Prophylactic intravenous ondansetron reduces the incidence of intrathecal morphine-induced pruritus in patients undergoing cesarean delivery

Yeh, H.M.; Chen, L.K.; Lin, C.J.; Chan, W.H.; Chen, Y.P.; Lin, C.S.; Sun, W.Z.; Wang, M.J.; Tsai, S.K.

Anesthesia and Analgesia 91(1): 172-175

2000


ISSN/ISBN: 0003-2999
PMID: 10866907
DOI: 10.1213/00000539-200007000-00032
Accession: 011211947

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Abstract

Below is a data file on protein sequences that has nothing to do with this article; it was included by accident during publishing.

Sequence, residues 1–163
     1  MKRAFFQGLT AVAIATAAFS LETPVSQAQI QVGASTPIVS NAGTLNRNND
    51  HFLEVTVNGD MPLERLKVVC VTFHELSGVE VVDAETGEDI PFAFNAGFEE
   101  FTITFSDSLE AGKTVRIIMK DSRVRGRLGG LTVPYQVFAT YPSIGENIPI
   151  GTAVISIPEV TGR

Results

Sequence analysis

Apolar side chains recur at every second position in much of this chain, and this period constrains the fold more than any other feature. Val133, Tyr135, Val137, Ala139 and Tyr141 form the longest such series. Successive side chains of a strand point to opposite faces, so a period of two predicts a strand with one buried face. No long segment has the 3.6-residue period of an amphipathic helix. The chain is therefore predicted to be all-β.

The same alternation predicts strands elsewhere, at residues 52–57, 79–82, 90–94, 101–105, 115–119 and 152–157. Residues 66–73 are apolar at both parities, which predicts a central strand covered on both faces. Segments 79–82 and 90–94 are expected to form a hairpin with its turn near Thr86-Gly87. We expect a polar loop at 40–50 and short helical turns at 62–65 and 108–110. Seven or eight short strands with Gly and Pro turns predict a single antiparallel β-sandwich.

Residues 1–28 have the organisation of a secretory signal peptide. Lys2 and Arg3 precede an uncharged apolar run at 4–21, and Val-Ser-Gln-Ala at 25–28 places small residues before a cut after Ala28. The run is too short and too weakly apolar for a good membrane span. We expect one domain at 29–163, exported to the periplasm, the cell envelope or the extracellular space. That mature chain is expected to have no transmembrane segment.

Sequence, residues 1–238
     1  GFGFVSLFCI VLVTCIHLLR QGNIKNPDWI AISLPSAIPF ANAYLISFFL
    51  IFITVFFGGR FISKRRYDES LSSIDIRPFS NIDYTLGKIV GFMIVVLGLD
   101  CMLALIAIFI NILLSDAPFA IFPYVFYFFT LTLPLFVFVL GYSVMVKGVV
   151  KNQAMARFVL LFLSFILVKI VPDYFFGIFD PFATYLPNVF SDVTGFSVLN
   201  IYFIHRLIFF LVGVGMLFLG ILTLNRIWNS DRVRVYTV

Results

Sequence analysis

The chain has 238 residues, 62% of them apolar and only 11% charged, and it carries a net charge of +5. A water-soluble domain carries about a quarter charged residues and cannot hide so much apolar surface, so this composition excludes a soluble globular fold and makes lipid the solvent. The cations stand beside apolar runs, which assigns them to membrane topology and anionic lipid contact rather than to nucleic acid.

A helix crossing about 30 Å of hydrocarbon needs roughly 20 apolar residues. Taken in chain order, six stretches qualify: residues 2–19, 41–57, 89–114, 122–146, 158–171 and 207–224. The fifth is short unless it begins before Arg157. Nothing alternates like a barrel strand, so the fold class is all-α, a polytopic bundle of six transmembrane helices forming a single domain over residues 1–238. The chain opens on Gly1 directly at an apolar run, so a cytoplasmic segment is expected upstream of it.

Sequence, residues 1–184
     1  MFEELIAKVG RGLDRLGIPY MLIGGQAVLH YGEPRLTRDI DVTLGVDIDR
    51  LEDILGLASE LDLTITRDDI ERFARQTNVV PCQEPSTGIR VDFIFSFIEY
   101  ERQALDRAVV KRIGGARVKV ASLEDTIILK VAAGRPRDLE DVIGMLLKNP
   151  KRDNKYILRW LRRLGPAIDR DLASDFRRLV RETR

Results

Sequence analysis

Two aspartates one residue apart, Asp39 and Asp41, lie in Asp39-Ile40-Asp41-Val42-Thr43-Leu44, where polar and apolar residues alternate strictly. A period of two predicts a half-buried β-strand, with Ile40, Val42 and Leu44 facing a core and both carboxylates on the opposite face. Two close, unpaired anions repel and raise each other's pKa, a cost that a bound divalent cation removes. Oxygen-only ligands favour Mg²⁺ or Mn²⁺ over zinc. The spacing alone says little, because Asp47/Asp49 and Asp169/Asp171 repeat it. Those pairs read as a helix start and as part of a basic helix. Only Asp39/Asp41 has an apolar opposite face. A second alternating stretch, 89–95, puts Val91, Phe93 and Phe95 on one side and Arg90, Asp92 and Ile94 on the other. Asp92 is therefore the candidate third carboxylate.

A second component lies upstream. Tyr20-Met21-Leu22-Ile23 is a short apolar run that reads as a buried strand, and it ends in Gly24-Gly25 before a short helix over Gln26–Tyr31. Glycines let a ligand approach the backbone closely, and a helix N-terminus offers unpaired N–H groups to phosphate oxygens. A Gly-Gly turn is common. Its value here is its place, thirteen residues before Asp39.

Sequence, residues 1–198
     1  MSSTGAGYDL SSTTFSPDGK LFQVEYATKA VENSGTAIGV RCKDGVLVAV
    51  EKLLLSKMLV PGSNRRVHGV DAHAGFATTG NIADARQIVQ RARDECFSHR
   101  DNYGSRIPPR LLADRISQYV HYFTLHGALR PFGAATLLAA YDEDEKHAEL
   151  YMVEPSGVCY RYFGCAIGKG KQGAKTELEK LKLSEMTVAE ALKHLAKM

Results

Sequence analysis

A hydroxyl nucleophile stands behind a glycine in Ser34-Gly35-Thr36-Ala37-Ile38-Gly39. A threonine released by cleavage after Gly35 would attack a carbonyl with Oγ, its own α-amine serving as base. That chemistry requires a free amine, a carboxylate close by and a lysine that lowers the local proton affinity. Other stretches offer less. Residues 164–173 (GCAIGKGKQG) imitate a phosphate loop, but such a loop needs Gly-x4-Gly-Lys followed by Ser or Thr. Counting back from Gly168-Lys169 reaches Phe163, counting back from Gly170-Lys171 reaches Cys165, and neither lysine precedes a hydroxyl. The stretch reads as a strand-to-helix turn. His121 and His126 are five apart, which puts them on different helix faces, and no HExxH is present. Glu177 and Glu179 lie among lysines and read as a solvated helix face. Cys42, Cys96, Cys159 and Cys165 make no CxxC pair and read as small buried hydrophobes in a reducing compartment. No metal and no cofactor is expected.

Pruritus is a common side effect of intrathecal morphine injection for postoperative pain control. Its incidence is especially high in patients undergoing cesarean delivery. We investigated the effectiveness of ondansetron in preventing intrathecal morphine-induced pruritus in such patients. We included 60 consecutive nonbreastfeeding women who were scheduled for elective cesarean delivery. After the administration of spinal anesthesia with bupivacaine and intrathecal morphine 0.15 mg injection, the patients were randomly divided into three groups. Group 1 received placebo (normal saline) IV injection, Group 2 diphenhydramine 30 mg IV injection, and Group 3 ondansetron 0.1 mg/kg IV injection. The incidence of pruritus was significantly lower in the ondansetron group (25%) when compared with that in the placebo group (85%) and in the diphenhydramine group (80%) (both P < 0.05). The postoperative pain score and time to flatus passage were not significantly different among the three groups. There were no headache or extrapyramidal signs associated with ondansetron use. In conclusion, ondansetron prophylaxis significantly reduced the incidence of intrathecal morphine-induced pruritus in patients undergoing cesarean delivery.